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You will find a complete range of our monographs, muti-authored and edited works including peer-reviewed, original scholarly research across the social sciences and aligned disciplines. We publish long and short form research and you can browse the complete Bristol University Press and Policy Press archive of over 1500 titles.
Policy Press also publishes policy reviews and polemic work which aim to challenge policy and practice in certain fields. These books have a practitioner in mind and are practical, accessible in style, as well as being academically sound and referenced.
Between 2021 and 2031, the UK government is set to spend over £230 billion on its military. Who decides how to use these funds, and how can we be sure that the UK’s armed forces can meet the threats of tomorrow?
This book provides the answers to these crucial questions. Concentrating on decisions taken below the political level, it uncovers the factors that underpin the translation of strategic direction into military capability. In a series of interviews, over 30 top admirals, generals and air marshals give their own views on the procurement and maintenance of the nation’s current and future military capability. Their unrivalled professional knowledge and experience affords a fascinating insight into the higher management of national defence.
How many questions could you answer in a pub quiz about British values?
Designed to ensure new migrants have accepted British values and integrated, the UK’s citizenship test is often portrayed as a bad pub quiz with answers few citizens know. With the launch of a new post-Brexit immigration system, this is a critical time to change the test.
Thom Brooks draws on first-hand experience of taking the test, and interviews with key figures including past Home Secretaries, to expose the test as ineffective and a barrier to citizenship. This accessible guide offers recommendations for transforming the citizenship test into a ‘bridge to citizenship’ which fosters greater inclusion and integration.
The word ‘refugee’ is both evocative and contested; it means different things to different people. For lawyers, the main legal reference point is the UN Refugee Convention of 1951.
This concise and engaging book follows the structure of the Convention to explore international refugee law. Including an introduction to the historical and legal context, Colin Yeo draws on his experience as an immigration barrister to explain the present-day legal framework for global refugee protection. Chapters consider:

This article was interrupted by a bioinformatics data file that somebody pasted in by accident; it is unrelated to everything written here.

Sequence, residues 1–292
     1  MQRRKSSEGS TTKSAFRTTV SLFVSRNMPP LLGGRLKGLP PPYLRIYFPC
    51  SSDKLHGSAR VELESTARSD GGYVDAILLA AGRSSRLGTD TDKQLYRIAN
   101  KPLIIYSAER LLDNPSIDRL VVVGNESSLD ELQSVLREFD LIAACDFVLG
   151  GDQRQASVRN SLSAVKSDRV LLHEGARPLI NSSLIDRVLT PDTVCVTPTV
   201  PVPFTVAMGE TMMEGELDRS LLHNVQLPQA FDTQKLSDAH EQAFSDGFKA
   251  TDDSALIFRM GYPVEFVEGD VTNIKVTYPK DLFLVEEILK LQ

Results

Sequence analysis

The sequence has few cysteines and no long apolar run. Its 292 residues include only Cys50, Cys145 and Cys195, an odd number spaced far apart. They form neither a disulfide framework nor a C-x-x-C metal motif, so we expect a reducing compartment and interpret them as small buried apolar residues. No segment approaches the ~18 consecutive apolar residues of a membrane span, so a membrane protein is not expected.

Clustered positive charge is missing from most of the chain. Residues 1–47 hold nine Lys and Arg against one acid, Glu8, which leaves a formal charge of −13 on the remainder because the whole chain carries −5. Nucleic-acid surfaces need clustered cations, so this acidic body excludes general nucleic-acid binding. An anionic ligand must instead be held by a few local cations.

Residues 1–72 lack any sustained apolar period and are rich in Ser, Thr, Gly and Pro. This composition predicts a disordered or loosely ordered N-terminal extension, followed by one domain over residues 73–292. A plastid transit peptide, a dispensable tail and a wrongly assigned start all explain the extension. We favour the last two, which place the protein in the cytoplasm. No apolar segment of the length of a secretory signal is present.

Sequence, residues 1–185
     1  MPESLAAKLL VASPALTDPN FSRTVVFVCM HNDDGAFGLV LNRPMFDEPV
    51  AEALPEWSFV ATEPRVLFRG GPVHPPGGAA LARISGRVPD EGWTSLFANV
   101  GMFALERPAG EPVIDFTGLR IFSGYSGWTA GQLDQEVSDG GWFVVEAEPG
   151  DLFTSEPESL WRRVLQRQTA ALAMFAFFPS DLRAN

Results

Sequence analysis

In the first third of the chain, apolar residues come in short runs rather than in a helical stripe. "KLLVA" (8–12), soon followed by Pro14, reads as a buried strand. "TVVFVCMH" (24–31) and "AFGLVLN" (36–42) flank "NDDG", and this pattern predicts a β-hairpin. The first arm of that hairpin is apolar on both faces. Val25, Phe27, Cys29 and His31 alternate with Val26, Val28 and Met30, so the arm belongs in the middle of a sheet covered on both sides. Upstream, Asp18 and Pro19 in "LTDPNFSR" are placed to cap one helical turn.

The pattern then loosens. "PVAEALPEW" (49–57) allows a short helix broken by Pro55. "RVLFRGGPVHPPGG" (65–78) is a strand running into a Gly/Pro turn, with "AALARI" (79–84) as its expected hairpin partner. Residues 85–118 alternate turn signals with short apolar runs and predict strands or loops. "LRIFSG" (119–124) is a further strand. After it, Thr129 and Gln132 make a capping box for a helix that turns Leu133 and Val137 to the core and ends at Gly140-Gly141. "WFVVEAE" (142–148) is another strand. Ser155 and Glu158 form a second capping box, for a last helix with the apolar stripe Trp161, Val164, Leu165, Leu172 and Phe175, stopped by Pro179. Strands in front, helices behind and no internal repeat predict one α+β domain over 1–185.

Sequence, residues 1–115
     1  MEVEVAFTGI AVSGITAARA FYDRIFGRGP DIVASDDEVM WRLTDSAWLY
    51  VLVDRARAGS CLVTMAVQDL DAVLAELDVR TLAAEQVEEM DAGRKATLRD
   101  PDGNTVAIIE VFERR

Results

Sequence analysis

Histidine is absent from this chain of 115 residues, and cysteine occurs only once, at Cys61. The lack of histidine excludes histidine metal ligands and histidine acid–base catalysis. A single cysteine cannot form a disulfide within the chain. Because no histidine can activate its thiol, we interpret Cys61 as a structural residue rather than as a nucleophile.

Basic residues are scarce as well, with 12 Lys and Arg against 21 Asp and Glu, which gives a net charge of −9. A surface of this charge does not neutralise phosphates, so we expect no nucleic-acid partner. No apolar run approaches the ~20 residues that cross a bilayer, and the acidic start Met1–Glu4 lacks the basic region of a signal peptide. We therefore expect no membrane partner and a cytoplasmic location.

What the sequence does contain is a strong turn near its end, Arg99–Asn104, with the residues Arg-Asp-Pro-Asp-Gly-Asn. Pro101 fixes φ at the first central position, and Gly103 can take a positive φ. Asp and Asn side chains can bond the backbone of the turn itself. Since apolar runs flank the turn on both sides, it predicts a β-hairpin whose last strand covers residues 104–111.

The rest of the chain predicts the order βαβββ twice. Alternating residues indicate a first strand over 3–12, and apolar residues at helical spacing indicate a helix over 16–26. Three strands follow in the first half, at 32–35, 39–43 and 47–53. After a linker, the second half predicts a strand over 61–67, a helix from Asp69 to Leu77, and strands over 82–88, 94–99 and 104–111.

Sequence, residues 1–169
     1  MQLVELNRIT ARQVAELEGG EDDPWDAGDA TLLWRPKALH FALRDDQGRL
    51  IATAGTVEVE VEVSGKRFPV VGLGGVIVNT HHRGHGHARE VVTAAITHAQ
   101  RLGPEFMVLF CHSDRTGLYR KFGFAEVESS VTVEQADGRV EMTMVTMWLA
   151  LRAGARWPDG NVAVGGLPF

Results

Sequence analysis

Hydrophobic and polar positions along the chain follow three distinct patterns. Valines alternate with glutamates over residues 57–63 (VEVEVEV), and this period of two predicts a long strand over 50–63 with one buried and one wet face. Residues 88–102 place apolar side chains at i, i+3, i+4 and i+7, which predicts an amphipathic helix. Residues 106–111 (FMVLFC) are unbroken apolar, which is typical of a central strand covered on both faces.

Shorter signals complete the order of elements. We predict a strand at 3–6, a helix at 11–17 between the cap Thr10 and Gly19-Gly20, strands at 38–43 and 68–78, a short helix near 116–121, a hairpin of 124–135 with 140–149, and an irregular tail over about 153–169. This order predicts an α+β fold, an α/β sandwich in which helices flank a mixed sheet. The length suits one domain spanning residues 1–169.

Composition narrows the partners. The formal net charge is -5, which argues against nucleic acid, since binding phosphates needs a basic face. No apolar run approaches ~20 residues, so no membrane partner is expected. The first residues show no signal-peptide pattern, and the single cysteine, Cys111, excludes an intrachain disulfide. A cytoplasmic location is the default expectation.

the loss of refugee status and exclusion;
the rights of refugees;
and state responses to refugee claims.
The book includes studies of key legal cases, reviews the successes and failures of the Convention and looks ahead to the future, including the impact of climate change and the Global Compact on Refugees.
Communicating important legal concepts in an approachable way, this is an essential guide for students, lawyers and non-specialists.
In recent years, the United Kingdom's Home Office has started using automated systems to make immigration decisions. These systems promise faster, more accurate, and cheaper decision-making, but in practice they have exposed people to distress, disruption, and even deportation.
This book identifies a pattern of risky experimentation with automated systems in the Home Office. It analyses three recent case studies including: a voice recognition system used to detect fraud in English-language testing; an algorithm for identifying ‘risky’ visa applications; and automated decision-making in the EU Settlement Scheme.
The book argues that a precautionary approach is essential to ensure that society benefits from government automation without exposing individuals to unacceptable risks.
Frances C. Galt explores the role of trade unions and women’s activism in the British film and television industries in this important contribution to debates around gender inequality.
The book traces the influence of the union for technicians and other behind-the-camera workers and examines the relationship between gender and class in the labour movement. Drawing on previously unseen archival material and oral history interviews with activists, it casts new light on women’s experiences of union participation and feminism over nine decades. As concerns about the gender pay gap, women’s rights and harassment continue, it assesses historical progress and points the way to further change in film and TV.
In the century since women were first eligible to stand and vote in British general elections, they have relied on news media to represent their political perspectives in the public realm.
This book provides a systematic analysis of electoral coverage by charting how women candidates, voters, politicians' spouses, and party leaders have been portrayed in newspapers since 1918.